Most of us expect about 90 percent of our charitable contributions to go toward funding any charitable cause to which we give.
How do you feel about the NFL donating only 8 percent of Pink gear sales toward cancer research?
This is one of those big stories that got lost in the giant news vacuum of the failed Obamacare website and subsequent “800″ number crash.
It’s also a big story that could reverse favorable American opinions of the NFL and commissioner Roger Goodall.
Business Insider reports only about 8 percent of sales from the popular pink NFL merchandise goes toward cancer research. They break down distribution of the money from sales this way: 50 percent goes to the retailer, 37.5 percent to the manufacturer, 8.1 percent to the American Cancer Society for research, 3.24 percent to the administration at the Society and 1.25 percent to the NFL.
Here’s something else to consider: the “retailer” who gets 50 percent is most often the NFL itself and NFL teams.
ESPN’s Darren Rovell jumped all over this, writing that the league “takes a 25 percent royalty from the wholesale price (1/2 retail), donates 90 percent of royalty to American Cancer Society.”
Business Insider does quote the NFL website that states any money the league makes that is not donated to the American Cancer Society goes directly toward covering the costs of the Breast Cancer Awareness program.
That sounds good, but it doesn’t explain some more troubling aspects of the way money is shifted around and how little actually goes to cancer research.
Most of the pink NFL merchandise is reportedly sold through the league’s online store, individual teams and at the stadiums. That makes the NFL and individual teams the retailer. As noted by Business Insider, retailers get 50 percent.
If the league is giving all that money to Breast Cancer Awareness, that sounds great.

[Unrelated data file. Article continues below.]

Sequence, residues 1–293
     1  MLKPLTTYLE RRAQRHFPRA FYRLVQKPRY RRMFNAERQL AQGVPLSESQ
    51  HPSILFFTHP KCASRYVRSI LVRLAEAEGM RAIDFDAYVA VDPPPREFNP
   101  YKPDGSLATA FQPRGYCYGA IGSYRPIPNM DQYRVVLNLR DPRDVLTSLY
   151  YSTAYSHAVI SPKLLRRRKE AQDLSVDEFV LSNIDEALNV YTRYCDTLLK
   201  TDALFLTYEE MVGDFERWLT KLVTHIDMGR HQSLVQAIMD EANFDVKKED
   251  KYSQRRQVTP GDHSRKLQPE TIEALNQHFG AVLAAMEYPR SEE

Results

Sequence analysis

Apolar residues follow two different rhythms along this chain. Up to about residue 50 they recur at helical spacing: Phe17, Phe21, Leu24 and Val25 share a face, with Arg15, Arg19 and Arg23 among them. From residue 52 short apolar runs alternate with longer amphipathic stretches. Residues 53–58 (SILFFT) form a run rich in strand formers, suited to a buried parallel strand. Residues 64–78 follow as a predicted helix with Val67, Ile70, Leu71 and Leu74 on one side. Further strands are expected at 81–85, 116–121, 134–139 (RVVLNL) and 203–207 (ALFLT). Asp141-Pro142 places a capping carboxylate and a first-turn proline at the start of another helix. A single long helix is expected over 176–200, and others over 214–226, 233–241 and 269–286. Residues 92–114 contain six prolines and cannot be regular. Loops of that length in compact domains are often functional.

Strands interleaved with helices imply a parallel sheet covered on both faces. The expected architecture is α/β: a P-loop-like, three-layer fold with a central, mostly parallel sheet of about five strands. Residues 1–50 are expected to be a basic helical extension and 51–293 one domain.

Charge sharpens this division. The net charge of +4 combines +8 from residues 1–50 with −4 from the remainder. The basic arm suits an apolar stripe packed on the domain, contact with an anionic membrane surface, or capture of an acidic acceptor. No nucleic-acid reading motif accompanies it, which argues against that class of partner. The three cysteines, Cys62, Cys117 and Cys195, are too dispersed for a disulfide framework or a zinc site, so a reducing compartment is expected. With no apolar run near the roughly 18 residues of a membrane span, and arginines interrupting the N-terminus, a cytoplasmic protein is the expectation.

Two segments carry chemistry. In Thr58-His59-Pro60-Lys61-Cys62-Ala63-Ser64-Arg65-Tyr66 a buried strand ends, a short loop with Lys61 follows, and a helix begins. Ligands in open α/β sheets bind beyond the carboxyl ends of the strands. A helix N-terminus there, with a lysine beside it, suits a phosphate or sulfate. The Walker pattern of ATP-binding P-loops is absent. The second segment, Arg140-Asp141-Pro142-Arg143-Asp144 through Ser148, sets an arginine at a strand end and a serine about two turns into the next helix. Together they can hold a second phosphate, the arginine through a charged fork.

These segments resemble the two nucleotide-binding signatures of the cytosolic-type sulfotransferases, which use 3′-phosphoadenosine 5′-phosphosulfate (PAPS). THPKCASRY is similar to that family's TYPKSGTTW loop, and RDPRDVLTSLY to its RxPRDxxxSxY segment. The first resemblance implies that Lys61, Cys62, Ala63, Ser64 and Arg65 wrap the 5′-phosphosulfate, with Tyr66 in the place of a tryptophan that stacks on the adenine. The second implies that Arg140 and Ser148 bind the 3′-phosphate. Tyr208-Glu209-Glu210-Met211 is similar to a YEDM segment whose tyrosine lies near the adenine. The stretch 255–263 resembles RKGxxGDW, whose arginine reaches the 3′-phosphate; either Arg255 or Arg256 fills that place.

However, consider these numbers from Darren Rovell: “On pink gear, the NFL says it takes a 25 percent royalty from the wholesale price (1/2 retail), donates 90 percent of royalty to American Cancer Society.”
“In other words,” writes Business Insider’s Cork Gaines, “for every $100 in pink merchandise sold, $12.50 goes to the NFL. Of that, $11.25 goes to the American Cancer Society (ACS) and the NFL keeps the rest.”
“The remaining money is then divided up by the company that makes the merchandise (37.5 percent) and the company that sells the merchandise (50.0%), which is often the NFL and the individual teams.”
Considering only 71 percent of ACS money goes to research and cancer programs, that’s how they get to the 8 percent number of your purchases actually going to cancer research and programs.
The real outrage is the big profits for the NFL and small amount that goes to their broken promise of fighting breast cancer.
How many women in pink NFL gear are now regretting their purchase when they learn only 8 percent of the money they or their generous gift-giver spent goes to cancer research?
From a purely business marketing perspective, the NFL used the emotional attraction of pretending to care about cancer survivors and victims to attract and maintain female fans and got caught profiting from the pain of millions of Americans.
From a human perspective, there’s something especially sleazy about pimping such a heart-wrenching pain as Mom’s cancer for financial gain.
There is sure to be a lot of buyers’ remorse around the flat screens this weekend.
NFL Commissioner Roger Goodall needs to do what too few so-called “leaders” do anymore. He needs to publicly apologize to the fans, breast cancer survivors and the families of those who have lost Moms, Daughters, Sisters, Aunts, Grandmothers and Wives to cancer.
Then he needs to dig in and donate 100 percent of every penny used to purchase pink NFL gear during the month of October to cancer research.
Only then can you and I trust the NFL to be honorable with any other charitable venture.
© Copyright 2013 Rick Jensen, distributed exclusively by Cagle Cartoons newspaper syndicate.
Rick Jensen is Delaware’s Award-Winning Conservative Talk Show Host on 1150AM WDEL and 93.7FM HD3, Streaming live on WDEL.Com from 1pm — 4pm EST. Contact Rick at firstname.lastname@example.org, or follow him on Twitter@JensenVoiceover.